The year gone by saw Twitter become the medium where the message was, sometimes, "Oh, Lordy. I shouldn't have done that."
Some would divide Twitter's history into two distinct periods: beforeand after.
Yet who are we to cast stones at Twitterati when we have occasionally betwitted the social network ourselves? So please let me share my own encounter with a celebrity who seemed to reveal a lot more about his sensitivities than one might have imagined he would.
Here's what happened.
I was walking up New York's Sixth Avenue, and walking down was Tom Colicchio of "Top Chef." Yes, the one who stands next to Padma Lakshmi and actually does know something about cooking.
This is a man I admire. He is a wonderful cook. And he does seem so very self-possessed. He has that rakish gaze that melts women, men, and frozen yogurt.
Yet I was surprised that he wasn't very tall. He also seemed extremely pale. It was a sunny day, but his face was whiter than my mom's first freezer.
Just to show how we're all vulnerable to random tweeting, I grasped my iPhone and tweeted: "Just passed @tomcolicchio on 6th ave. He's shorter than me and very pale."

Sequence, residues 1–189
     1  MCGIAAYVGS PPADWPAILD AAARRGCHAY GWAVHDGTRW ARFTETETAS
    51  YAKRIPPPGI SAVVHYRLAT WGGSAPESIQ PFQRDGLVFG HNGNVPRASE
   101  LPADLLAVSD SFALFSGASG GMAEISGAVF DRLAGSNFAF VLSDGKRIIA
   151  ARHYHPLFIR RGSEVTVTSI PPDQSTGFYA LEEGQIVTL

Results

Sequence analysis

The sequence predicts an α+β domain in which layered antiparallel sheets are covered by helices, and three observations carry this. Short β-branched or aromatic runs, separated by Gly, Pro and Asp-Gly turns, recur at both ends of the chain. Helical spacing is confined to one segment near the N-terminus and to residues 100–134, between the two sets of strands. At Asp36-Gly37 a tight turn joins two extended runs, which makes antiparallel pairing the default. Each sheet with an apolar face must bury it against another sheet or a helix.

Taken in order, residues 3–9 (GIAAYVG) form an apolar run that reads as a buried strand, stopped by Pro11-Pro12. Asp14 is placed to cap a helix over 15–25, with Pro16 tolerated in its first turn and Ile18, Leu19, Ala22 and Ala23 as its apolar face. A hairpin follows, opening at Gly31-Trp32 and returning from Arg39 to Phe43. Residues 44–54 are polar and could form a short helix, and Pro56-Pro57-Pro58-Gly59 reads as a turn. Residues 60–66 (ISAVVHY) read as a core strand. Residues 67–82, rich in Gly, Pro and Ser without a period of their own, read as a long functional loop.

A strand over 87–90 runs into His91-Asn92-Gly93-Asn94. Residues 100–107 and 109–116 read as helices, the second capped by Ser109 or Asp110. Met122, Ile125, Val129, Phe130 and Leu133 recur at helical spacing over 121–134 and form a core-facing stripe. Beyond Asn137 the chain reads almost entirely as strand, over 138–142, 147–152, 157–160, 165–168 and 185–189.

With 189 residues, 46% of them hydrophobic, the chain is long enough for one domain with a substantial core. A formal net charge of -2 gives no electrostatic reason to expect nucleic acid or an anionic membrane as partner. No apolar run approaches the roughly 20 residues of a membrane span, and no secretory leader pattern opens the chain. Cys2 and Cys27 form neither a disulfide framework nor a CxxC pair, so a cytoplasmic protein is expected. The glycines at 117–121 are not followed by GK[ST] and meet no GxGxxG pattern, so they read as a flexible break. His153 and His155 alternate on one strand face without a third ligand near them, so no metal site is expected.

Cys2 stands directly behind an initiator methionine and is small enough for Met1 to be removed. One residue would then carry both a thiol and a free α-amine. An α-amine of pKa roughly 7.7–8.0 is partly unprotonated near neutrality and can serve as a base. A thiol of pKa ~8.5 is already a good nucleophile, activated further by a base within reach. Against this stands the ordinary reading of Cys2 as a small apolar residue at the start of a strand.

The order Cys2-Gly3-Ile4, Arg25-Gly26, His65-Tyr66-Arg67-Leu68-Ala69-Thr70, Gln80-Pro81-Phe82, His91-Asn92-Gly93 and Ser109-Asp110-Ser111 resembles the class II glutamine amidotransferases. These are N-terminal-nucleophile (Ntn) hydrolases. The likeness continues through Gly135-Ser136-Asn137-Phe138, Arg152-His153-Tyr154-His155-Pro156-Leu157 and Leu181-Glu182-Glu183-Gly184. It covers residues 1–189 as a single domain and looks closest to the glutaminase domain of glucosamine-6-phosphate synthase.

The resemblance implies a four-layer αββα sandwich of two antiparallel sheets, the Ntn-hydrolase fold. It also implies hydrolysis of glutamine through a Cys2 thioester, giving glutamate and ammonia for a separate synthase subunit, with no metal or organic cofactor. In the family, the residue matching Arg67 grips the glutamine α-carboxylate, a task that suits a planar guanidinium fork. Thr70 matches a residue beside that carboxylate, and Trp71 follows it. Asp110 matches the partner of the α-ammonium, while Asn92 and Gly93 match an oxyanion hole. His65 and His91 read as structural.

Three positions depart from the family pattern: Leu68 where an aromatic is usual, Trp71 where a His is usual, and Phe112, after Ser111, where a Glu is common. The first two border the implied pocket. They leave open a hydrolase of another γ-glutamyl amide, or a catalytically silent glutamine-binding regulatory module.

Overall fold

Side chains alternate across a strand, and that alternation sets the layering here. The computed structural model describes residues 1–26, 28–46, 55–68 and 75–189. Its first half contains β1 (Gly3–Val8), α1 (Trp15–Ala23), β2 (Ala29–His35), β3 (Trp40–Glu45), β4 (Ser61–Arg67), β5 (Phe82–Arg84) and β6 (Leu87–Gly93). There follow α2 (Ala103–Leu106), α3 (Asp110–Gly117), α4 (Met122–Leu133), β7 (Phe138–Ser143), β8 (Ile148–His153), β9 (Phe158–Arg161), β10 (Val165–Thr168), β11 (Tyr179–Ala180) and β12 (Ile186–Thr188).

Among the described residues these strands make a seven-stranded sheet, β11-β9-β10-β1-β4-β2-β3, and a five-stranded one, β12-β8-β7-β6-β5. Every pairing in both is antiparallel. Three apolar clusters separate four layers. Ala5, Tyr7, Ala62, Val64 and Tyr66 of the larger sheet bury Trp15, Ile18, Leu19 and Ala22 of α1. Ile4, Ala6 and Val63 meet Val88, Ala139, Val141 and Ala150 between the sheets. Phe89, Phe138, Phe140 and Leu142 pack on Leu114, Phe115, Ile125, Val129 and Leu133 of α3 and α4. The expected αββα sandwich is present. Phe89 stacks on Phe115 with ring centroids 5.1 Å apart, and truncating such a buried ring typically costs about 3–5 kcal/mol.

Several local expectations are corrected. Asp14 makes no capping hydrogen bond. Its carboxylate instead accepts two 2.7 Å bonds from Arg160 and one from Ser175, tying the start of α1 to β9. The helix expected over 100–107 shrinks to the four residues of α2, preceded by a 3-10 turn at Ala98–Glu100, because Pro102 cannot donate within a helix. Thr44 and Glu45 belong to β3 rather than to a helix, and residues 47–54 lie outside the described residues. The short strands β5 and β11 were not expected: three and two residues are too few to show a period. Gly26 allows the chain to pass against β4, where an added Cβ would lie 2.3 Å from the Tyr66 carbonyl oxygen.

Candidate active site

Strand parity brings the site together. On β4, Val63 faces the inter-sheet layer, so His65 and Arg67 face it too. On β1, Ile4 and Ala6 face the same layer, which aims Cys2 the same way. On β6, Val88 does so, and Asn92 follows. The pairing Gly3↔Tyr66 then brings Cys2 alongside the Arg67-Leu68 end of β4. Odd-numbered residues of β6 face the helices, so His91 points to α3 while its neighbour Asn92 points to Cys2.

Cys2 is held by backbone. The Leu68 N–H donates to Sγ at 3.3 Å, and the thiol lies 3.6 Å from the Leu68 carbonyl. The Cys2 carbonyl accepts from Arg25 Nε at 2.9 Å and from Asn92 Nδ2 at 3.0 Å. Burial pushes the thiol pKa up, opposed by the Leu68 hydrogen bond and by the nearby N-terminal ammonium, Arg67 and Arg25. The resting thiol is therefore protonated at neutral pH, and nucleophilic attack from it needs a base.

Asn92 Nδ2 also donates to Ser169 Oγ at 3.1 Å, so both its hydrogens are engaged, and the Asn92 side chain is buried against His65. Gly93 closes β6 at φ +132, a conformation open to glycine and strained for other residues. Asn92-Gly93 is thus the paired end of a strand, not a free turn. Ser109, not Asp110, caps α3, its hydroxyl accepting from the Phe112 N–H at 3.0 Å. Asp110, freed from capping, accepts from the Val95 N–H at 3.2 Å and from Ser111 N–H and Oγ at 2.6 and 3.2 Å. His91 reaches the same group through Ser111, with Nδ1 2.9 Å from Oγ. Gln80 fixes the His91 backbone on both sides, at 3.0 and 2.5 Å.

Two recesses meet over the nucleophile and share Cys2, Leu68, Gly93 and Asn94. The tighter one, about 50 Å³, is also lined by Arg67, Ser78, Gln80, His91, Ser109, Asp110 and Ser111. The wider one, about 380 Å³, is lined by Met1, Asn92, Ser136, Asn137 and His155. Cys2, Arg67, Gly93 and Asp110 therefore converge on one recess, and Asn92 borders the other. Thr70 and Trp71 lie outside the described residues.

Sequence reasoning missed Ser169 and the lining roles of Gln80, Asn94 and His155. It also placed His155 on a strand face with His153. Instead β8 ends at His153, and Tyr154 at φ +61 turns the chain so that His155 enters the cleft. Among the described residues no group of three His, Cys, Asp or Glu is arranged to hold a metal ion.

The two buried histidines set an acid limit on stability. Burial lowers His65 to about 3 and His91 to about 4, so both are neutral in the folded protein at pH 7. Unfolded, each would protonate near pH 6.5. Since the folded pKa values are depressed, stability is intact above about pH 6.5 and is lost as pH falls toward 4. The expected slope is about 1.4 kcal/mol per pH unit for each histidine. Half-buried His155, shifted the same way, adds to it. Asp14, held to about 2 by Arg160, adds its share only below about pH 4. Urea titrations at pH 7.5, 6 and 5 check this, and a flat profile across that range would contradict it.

I thought nothing more of it. That's the point about Twitter. It can be so natural that you do it before you even realize that you've done it.
Not so many minutes later, the great man tweeted straight back. He didn't seem very pleased. His tone seemed to enjoy an ingredient of defensiveness.
"Yes I'm 5'9". And white," he tweeted.
He didn't need to tweet at me, to me, or through me. He is very famous. Even if he is isn't entirely tall. It's not as if I'd even said he was short. I simply had blurted that he was shorter than me. For all he knew, I am 6' 10". Which I am, but merely in my dreams.
And yet there he was, apparently exposing what seemed a certain almost Napoleonic touchiness about what only some might see as a shortcoming -- or even a shortercoming.
Naturally, I tried to assuage his feelings by tweeting him back and explaining that my eyes had not deceived me for he is, indeed, shorter than me by some three (or five) inches.
I never heard from him again. Dear Mr. Colicchio, I still love your show. I adore the way you can look at competing chefs and, with just a twitch of one lip, say: "You are so screwed, buddy."
I still admire the gaze that could turn a swan into a rabbit at 20 paces. And no woman or man I know cares that you might not be six feet tall. Please let me eat your food again. Please don't be cross any more.
It's OK to be 5'8." Or 5'9"(ish).